Momentum of photon close the sun or black hole

  • #26
pervect
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MeJennifer said:
That would imply the assertion that there is absolute space which in contrary to the theory of GR.
In my view something that travels on a geodesic does not change direction at all.

Obviously the directional change can be observed but this is simply a relativistic effect. Claiming that a photon changes direction in space due to a gravitational field is simply Newtonian thinking, similar to a claim that a free falling object under the influence of the gravitational field of the earth accelerates and changes direction in space. The term space is clearly misused here. Remember that space is not flat near a gravitational field, so don't treat it as flat and claim a change in direction!

In GR a photon never changes direction, it simply cannot. It can only be emitted and absorbed and it always travels on a geodesic.
Geodesics are not quite "straight lines". They are simply the closest that one can get to a straight line in a curved geometry.

As far as light deflection goes, this is one of the classical tests of GR. See for instance http://en.wikipedia.org/wiki/Tests_of_general_relativity

Deflection of light by the Sun

The first observation of light deflection was performed by noting the change in position of stars as they passed near the Sun on the celestial sphere. The observations were performed by Sir Arthur Eddington and his collaborators during a total solar eclipse,[2] so that the stars near the sun could be observed. Observations were made simultaneously in the city of Sobral, Ceará, Brazil and in the west coast of Africa [citation needed]. The result was considered spectacular news and made the front page of most major newspapers. It made Einstein and his theory of general relativity world famous.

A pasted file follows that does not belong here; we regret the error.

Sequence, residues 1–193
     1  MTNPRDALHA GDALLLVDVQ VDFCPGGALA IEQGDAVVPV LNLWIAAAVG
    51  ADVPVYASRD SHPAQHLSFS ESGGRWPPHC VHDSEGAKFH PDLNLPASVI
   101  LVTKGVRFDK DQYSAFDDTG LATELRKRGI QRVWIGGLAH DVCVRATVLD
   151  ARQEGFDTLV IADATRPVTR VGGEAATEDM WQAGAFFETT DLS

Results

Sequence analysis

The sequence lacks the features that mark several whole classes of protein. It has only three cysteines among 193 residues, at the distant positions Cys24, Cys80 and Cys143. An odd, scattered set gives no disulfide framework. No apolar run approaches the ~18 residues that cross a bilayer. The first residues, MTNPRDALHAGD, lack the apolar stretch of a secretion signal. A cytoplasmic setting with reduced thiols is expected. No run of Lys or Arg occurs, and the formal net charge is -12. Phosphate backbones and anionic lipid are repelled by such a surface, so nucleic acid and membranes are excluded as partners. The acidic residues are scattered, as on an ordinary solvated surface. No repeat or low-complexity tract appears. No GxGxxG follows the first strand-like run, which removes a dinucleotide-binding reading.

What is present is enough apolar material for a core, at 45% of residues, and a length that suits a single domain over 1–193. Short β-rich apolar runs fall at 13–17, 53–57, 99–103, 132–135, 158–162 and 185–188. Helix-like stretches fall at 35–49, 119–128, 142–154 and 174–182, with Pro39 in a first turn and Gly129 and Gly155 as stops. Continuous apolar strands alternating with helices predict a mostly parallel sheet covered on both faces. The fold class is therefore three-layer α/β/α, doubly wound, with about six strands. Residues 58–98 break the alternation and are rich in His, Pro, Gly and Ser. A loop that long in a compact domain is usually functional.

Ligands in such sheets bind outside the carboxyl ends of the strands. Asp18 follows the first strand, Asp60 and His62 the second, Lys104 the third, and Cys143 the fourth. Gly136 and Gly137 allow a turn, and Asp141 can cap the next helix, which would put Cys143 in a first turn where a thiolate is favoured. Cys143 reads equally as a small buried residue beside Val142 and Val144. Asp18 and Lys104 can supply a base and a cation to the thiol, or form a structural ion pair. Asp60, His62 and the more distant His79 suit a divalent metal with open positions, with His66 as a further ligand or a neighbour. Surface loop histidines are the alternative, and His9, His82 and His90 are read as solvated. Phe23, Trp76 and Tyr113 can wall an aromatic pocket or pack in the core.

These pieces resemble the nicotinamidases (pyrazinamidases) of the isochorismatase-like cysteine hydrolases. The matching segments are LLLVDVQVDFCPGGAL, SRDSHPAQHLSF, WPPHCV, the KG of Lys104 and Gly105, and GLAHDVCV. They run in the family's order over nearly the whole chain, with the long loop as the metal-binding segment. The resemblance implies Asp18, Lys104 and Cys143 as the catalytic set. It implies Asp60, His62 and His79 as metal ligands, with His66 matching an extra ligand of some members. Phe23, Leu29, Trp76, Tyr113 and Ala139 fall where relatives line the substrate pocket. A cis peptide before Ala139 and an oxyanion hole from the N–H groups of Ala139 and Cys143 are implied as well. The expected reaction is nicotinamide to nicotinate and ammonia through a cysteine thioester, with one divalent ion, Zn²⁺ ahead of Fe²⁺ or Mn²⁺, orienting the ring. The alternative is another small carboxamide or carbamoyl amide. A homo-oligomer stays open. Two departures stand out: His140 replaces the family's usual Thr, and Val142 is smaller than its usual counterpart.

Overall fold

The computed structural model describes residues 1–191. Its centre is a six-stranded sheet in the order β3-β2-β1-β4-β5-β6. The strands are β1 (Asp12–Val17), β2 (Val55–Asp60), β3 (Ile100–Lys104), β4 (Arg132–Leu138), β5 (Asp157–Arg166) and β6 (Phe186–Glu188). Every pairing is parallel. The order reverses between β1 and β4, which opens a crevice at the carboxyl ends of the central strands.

number.
For a non-wiki reference, try http://hyperphysics.phy-astr.gsu.edu/hbase/relativ/grel.html

Or do a google search for "gravitational light deflection" or "gravitational lensing".

Since the deflection of light is well documented and experimentally confirmed, I think you need to adjust your understanding to match the evidence, rather than the evidence to match your understanding.
 
  • #27
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pervect said:
Since the deflection of light is well documented and experimentally confirmed, I think you need to adjust your understanding to match the evidence, rather than the evidence to match your understanding.
What you are doing is to pretend that curved space is flat and then conclude that light is deflected. :smile:
Instead light simply follows a geodesic in curved space, it does not change direction at all. And if we understand that space is curved we would realize immediatelty that it is not the light that is deflected!

Really it is you who seem to measure everything from the perspective of flat space.

wikipedia said:
The first observation of light deflection was performed by noting the change in position of stars as they passed near the Sun on the celestial sphere.
It is because space is curved that we measure the apparent change in position, not because light is deflected.

Light is "deflected", free falling objects "accelerate", the frequency of light "changes". Such statements simply describe Newtonian thinking, they add 0 to an understanding of GR, on the contrary they simply add to the confusion.
How can you expect people to understand GR if you stick to flat space viewpoints and ignore relativistic effects?

Lightdoes not deflect, free falling objects do not accelerate, and frequencies do not change under the influence of gravity. These effects can be explained by space curvature and relativistic effects alone. So why not do that? :confused:
 
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  • #28